4. Summer 2009 was pretty hot in France even if it was cloudy in England. What was this 15.6% wine? Can it not be named? Left or right bank?

  5. Nicklas – I think that Port at 15% alcohol would taste a great deal different – less sweet, more fruity, more vinous

    Steve – Troplong Mondot 15.5%, Tertre Rotebouef 15.6%, thanks to Tim Atkin for his tweets on these

  6. Had this exact discussion with Georges Duboeuf’s grandson (lovely lad, business major) on Monday as I poured him something Napan. High alcohol is a trend in Napa that has seemingly run it’s course as most people you speak to now talk about picking a little earlier to avoid the dehydration that for every 5% accounts for 1 degree Brix rise in sugar…thank God!

  7. I wonder if the Bordelais going Californian/Aussie has anything to do with the fallout relating to the the supposedly staggering drop in demand and the impending ‘Bordeaux Bloodbath’?

  8. Very similar discussion happened on 1WineDude.com earlier this week. Suggest that your readers check out Lewin’s excellent book “What Price Bordeaux” for more of the details / data behind those potential swings towards bigger, boozier wine in Bord’x.


  9. It will be a crime to have a load of high alcohol 09 Bordeaux in the markets; this wine was not designed for such a purpose. I think Mr H. Johnson best described it: dry, lightly tannic, refreshing and glugable in large doses; a bit like tea. In fact, it could serve the same purpose!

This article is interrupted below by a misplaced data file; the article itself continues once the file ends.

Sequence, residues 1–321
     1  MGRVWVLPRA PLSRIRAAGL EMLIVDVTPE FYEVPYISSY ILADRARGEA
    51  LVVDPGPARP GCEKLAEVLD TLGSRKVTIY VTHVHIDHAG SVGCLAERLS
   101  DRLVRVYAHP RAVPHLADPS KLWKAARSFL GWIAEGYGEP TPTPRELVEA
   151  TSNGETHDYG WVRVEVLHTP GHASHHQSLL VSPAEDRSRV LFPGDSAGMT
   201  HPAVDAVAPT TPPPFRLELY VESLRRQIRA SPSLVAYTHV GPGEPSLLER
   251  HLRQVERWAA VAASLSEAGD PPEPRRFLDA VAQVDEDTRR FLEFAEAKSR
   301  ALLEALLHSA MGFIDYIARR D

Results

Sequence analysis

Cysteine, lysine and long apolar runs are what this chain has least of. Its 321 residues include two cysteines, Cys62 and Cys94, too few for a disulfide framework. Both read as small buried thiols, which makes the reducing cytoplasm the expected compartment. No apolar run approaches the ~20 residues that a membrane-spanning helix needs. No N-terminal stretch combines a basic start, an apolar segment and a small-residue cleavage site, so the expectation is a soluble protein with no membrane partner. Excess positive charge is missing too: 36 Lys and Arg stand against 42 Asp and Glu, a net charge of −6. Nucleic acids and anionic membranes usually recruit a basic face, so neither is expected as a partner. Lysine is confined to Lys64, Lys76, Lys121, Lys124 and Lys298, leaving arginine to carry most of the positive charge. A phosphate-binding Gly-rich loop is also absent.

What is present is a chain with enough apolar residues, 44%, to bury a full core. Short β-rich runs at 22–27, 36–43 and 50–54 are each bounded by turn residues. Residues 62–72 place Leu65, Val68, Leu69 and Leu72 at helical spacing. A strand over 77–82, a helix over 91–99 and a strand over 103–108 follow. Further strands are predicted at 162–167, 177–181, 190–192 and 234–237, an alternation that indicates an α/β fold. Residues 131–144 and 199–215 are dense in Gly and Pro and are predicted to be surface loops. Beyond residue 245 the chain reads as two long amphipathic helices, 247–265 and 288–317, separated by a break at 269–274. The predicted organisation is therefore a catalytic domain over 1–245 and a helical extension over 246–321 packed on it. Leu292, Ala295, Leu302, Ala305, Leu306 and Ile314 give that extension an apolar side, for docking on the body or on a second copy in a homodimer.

10. Jamie, I appreciate your posts and your reasoned style. However I find your emmphasis on alcohol misplaced. First, while alcohol does make for different volatility of aroma compounds, no one has shown exactly how this works and if it is necessary a “problem.” Second, how does one separate your first point from your second? In Bordeaux they are not using a sweet spotter, so higher fruit content is likely due to picking later which results in higher alcohol, but then the “problem” is not high alcohol it is the decision to pick later, no? In terms of “elegant” aging, I think the citation of alcohol as a cause to poor aging is largely believed but mostly unfounded and unsupported. The ’47 Cheval Blanc has been rumored to be >15%, I’ve seen other well aged wines that tip the scales at 15%. Now maybe these wines would have aged even better at lower alcohols, but we don’t know. I think high alcohol is a by product of picking late, and that picking late is the real problem. I think fine wines can be made between 14-15.5% alcohol, without over ripe flavors, and even with some savory flavors as long as they have balance. The real problem is cultivating sweet, jammy wine by picking late. Keep up the good work!

  11. Nice read, as always Jamie — thanks.

    “Add in high alcohol, and you haven’t got wines that will age 30 or 40 years like the classics of old.”

    Is that really a negative trait?

  12. Hardy’s comment makes the most sense – and something else – don’t you think it would simply be a wise business decision to produce delicious, refreshing 13% alc. wine instead of 15-16% so that the consumer can drink more of it and not get wasted in the process? depletion depletion

  13. Don’t worry about the high alcohol in the 2009 wines. They aren’t finished yet. Before bottling the nice man in the white coat will come along with his reverse osmosis machine in an unmarked truck and park it in a quiet corner by the chais. One signed confidentiality agreement and a few days of humming machinery later and all will be well… alcohol at 14.2 before you can say ‘gout de terroir’.